# pie chart

## Creating Pie Charts in Matplotlib

I tend to think that pie charts should be avoided in 99% of the cases that they are used in. Unless your goal is to mislead (which is sometimes the case!), or you have a strict use case for them, you can normally find a better way to communicate your point.

That being said, just because we won’t do something, doesn’t mean we don’t need to know how it is done. As such, this article is going to take us through a simple example of creating a pie chart in Matplotlib.

As ever, let’s get our modules and data ready to go.

In [1]:
```import pandas as pd
import matplotlib.pyplot as plt

%matplotlib inline
```

Our pie chart is going to display the share of Premier League wins, as shown in our data below:

In [2]:
```leagueWins = {'Team':['Manchester United','Blackburn Rovers','Arsenal',
'Chelsea','Manchester City','Leicester City'],
'Championships':[13,1,3,4,2,1]}

df = pd.DataFrame(leagueWins, columns=['Team','Championships'])
df
```
Out[2]:
Team Championships
0 Manchester United 13
1 Blackburn Rovers 1
2 Arsenal 3
3 Chelsea 4
4 Manchester City 2
5 Leicester City 1

So we want the pie chart to plot the numbers in our Championships column. ‘plt.pie()’ will do exactly that:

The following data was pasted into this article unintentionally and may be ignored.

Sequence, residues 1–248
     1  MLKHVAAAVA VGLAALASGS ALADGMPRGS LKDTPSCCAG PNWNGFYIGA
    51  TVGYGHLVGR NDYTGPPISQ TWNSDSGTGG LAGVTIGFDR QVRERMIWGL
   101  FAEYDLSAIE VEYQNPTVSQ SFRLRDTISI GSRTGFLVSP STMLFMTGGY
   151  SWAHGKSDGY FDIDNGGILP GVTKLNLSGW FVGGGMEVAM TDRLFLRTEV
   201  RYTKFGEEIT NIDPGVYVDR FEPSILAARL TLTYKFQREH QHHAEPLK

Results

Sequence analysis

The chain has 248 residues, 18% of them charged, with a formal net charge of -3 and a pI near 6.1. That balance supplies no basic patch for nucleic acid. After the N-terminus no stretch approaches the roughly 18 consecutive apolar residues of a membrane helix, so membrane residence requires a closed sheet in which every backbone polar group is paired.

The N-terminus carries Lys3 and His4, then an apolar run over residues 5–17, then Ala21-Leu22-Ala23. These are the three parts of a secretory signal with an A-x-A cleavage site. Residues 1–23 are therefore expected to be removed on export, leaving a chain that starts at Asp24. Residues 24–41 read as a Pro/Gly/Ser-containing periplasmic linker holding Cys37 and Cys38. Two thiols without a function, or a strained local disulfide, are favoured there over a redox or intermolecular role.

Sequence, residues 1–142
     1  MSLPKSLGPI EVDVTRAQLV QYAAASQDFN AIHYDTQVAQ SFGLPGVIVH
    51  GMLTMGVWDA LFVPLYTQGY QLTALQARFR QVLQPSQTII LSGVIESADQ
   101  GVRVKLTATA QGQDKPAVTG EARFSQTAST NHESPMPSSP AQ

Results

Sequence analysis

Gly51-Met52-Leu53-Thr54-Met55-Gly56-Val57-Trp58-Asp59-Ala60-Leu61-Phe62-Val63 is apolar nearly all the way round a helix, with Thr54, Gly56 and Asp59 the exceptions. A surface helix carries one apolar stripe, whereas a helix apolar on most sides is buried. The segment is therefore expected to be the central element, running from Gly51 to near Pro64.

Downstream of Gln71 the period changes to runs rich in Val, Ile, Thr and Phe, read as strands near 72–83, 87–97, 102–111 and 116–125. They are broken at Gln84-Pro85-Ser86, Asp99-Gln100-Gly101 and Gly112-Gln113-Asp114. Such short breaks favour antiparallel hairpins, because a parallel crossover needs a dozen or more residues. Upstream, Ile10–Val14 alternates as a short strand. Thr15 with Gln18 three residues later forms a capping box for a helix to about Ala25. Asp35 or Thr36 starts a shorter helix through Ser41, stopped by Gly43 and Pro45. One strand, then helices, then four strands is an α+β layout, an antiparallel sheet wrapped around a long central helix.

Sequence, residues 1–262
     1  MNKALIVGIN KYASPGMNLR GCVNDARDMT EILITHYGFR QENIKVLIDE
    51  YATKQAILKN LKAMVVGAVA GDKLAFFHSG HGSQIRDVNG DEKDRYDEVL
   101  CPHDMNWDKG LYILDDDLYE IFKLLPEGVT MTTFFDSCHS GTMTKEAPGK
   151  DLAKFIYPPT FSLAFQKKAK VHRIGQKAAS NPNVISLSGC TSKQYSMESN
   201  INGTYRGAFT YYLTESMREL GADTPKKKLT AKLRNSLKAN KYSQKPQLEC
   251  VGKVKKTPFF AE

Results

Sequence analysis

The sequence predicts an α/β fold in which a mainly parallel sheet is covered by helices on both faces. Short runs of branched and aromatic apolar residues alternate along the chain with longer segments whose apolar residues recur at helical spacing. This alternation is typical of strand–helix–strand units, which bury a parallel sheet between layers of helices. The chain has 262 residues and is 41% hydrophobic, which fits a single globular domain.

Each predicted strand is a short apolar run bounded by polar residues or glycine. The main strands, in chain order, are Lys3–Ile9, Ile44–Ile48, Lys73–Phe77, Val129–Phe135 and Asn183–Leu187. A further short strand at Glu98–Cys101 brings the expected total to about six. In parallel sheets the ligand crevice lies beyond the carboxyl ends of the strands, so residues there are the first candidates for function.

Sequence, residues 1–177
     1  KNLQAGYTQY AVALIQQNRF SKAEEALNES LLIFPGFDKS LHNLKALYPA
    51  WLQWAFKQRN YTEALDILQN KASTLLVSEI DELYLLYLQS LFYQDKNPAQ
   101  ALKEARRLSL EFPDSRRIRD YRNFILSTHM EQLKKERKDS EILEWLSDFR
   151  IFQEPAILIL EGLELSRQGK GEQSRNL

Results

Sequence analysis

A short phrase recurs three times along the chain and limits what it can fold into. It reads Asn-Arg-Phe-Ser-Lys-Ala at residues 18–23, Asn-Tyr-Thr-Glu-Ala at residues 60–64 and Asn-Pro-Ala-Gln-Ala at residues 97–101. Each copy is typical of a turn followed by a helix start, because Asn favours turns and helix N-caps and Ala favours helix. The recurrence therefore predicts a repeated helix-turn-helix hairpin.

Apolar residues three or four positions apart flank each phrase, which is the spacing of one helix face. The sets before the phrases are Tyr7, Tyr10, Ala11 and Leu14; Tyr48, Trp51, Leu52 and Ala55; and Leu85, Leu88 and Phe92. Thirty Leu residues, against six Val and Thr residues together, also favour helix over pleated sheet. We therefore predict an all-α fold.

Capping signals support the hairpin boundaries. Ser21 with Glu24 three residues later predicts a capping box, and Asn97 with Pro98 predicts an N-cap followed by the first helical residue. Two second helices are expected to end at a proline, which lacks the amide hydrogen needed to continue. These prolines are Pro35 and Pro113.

In [3]:
```plt.pie(df['Championships'])

#This next line just makes the plot look a little cleaner in this notebook
plt.tight_layout()
```

So we have a pie chart! It doesn’t tell us a great deal without labels, except that there is a big blue lump that takes up over half of the pie.

As with all of its other plot types, Matplotlib gives good customisation options. Let’s use some of these to add a title, labels and colours in our arguments:

In [4]:
```#Create a list of the colours used for the teams, in order.
teamColours=['#f40206','#0560b5','#ce0000','#1125ff','#28cdff','#091ebc']

plt.pie(df['Championships'],
#Data labels are the team names in the dataFrame
labels = df['Team'],
#Assign our colours list
colors = teamColours,
#Give a tidier angle to ur first data angle
startangle = 90
)